By removing the existing stage the eventual loss of space at the entrance to the hall will be more than compensated for at the other end. As the stage is deemed to be essential to the success of the annual village pantomime and other performances staged by the Drama Club the Community Council is investigating replacing this with a "demountable" stage. Any visiting theatre groups always bring their own props and do not use the existing stage thereby depriving the Village Hall of several rows of a potential audience and the removal of the stage has overcome this problem, and in these instances any "demountable" stage could be used to provide tiered seating at the rear of the hall. Other improvements include the provision of the shower and hot drink facilities at the back end of the hall, both of which will be invaluable for any performing artistes, either visiting or home grown.
The plans were approved by the Community Council committee and they were displayed in the Village Hall to enable any interested clubs or individuals to study the new layout. A model was also shown to further explain the main areas of improvement i.e. the toilet fascilities, the improved Bar/PO area and the extension complete with the extra disabled toilet and shower, and the small meeting room. This also indicated the storage area for the chairs, the demountable stage and the Baby and Toddlers equipment. A copy of the plan is shown below along with photographs of the 'model'.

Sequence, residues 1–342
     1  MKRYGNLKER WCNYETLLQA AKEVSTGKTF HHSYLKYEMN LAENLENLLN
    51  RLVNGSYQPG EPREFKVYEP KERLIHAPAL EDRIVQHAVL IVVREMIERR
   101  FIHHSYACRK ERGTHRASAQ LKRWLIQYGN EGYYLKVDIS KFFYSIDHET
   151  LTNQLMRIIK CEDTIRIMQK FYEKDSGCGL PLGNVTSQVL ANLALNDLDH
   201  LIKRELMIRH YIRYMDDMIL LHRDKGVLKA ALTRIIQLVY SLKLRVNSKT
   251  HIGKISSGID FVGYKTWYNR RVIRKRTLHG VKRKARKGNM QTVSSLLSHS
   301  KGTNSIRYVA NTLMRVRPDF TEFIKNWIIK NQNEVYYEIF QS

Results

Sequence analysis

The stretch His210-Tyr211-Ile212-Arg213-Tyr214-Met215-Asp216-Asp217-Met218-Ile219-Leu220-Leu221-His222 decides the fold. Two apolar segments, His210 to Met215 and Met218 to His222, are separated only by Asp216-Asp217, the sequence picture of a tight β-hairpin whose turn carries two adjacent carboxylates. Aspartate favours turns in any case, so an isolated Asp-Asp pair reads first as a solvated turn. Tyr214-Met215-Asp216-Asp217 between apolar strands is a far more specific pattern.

As it appears that a lottery grant is not available it was decided to gradually carry out whatever updates are both practical and affordable in line with the above and to this end a Memorial Village Hall Fund has been instigated. This is being organised by a group of volunteers who are running a number of fund raising schemes to help to gradually make those additions and improvements. It is intended to explore any grant avenues available to the Community Council once the tender is approved by the council and this will then be used in combination with the funds raised by this group.
After failing to do permanent damage, to himself whilst playing the part of the Demon King in a local dramatic society's production of Mother Goose, Ian, a one-time mathematics teacher and self-professed buffoon, happened upon a new obsession - the unicycle.
Not content with just being able to ride it, he decided to undertake the discomfort of riding it for charity. This book tells the tale of these rides, set against the backdrop of his other cycling "achievements".
How he is still standing and also still tolerated by his long-suffering wife are questions which may well puzzle the reader long after they have put the book down – especially since Ian has been unable to work out the answers himself.
For more interesting information from the author of this very popular book just go to www.iansbikerides.webplus.net/.